Distinct clinical manifestations of sarcoidosis correlating with genetic factors

Sarcoidosis is a systemic granulomatous disease of unknown etiology. The lungs are engaged in more than 90 % of all cases but almost any organ such as the eyes, skin, heart and the nervous system can be involved.

In pulmonary sarcoidosis particularly CD4+ Th1 lymphocytes infiltrate the airways and an increased ratio of CD4+/CD8+ lymphocytes is commonly found in bronchoalveolar lavage (BAL) fluid. Sarcoidosis is influenced by a multitude of genes and the strongest associations are described within the HLA-region. Smoking is known to protect against disease. The first line of treatment is oral corticosteroids. Treatment is usually initiated in patients with progressive loss of lung function but also extra pulmonary manifestations such as involvement of the heart and nervous system are common indications.


The aim with this study is to find markers that could be used in clinical care to predict patients that have a high risk for chronic disease and/or a high risk for extra pulmonary manifestations in sarcoidosis. Such markers might also give us information about pathology.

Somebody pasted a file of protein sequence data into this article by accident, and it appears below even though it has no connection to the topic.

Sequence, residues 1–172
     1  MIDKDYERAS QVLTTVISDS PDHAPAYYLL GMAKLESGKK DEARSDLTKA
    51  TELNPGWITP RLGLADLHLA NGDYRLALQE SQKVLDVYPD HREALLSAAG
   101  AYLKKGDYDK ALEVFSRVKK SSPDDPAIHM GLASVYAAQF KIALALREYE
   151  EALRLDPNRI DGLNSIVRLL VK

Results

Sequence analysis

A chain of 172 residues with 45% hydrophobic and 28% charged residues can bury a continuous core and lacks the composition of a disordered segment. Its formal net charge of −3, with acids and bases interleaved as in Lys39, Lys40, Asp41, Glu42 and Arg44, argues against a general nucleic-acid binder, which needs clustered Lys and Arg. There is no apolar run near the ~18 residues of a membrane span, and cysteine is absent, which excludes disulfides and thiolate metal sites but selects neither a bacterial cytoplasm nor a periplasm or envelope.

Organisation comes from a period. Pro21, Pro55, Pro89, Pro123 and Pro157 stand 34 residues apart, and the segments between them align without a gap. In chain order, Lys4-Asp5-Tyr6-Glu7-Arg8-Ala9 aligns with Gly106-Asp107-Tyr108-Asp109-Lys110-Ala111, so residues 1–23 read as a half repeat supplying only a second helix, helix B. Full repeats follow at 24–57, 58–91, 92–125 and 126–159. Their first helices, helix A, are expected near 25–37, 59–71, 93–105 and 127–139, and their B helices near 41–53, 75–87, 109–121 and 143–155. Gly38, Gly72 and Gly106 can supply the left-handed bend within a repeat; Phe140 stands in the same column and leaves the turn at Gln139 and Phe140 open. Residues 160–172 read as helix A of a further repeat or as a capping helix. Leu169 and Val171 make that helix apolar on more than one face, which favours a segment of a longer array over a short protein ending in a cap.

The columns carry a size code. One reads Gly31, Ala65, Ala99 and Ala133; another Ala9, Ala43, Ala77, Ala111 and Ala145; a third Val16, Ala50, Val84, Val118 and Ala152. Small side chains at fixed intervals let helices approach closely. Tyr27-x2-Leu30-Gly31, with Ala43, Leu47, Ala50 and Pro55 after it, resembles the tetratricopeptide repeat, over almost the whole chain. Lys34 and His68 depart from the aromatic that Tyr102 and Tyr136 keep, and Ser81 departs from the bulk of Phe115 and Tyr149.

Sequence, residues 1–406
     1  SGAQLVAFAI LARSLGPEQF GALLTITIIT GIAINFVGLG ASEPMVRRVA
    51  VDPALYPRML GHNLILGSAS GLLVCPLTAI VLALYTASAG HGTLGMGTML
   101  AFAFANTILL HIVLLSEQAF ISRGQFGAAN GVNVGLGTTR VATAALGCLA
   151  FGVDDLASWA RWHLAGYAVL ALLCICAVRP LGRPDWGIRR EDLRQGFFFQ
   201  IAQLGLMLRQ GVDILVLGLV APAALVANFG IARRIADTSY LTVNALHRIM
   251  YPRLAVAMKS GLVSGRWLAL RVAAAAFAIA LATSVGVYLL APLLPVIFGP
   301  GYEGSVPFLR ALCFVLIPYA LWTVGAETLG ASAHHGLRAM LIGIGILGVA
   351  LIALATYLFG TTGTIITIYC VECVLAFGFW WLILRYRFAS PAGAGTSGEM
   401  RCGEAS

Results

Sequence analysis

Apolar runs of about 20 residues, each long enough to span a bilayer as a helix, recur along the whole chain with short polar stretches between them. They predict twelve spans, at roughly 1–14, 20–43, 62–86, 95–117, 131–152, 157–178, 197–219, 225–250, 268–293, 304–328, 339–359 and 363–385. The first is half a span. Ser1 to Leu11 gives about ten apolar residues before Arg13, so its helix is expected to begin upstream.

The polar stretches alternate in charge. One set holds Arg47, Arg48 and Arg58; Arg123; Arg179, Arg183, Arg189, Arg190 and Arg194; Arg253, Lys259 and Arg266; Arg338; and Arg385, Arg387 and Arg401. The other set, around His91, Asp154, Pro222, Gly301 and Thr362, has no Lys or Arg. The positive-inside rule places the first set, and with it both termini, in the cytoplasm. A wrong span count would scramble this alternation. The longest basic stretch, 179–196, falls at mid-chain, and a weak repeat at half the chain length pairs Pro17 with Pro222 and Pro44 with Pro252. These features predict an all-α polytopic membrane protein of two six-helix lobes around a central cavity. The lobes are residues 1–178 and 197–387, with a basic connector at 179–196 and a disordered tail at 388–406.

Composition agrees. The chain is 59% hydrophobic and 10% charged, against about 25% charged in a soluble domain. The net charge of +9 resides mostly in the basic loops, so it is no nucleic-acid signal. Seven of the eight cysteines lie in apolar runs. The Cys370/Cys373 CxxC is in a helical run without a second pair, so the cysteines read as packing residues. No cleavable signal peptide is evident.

We have more than 1000 patients registered in our data files. They are clinically well characterized, which enables studies of different subgroups. In the data files there are for example information about smoking, x-ray, treatment, extra-pulmonary manifestations, chronic/ non-chronic disease, BAL-data, lung function and HLA-type. We plan to study associations between specific HLA-DRB1* alleles and extra-pulmonary manifestations. Moreover, we will evaluate if the cells found in BAL fluid reflect the cells obtained from enlarged mediastinal lymph nodes. The patients included in this part of the study will undergo routine investigation with bronchoscopy and blood tests as well as investigation of mediastinal lymph nodes by endoscopic ultrasound fine needle aspiration via esophagus (EUS-FNA). We will also use flow cytometry for some of these analyses.

M.D. Ph D Pernilla Darlington

InflammationRespiratory Medicine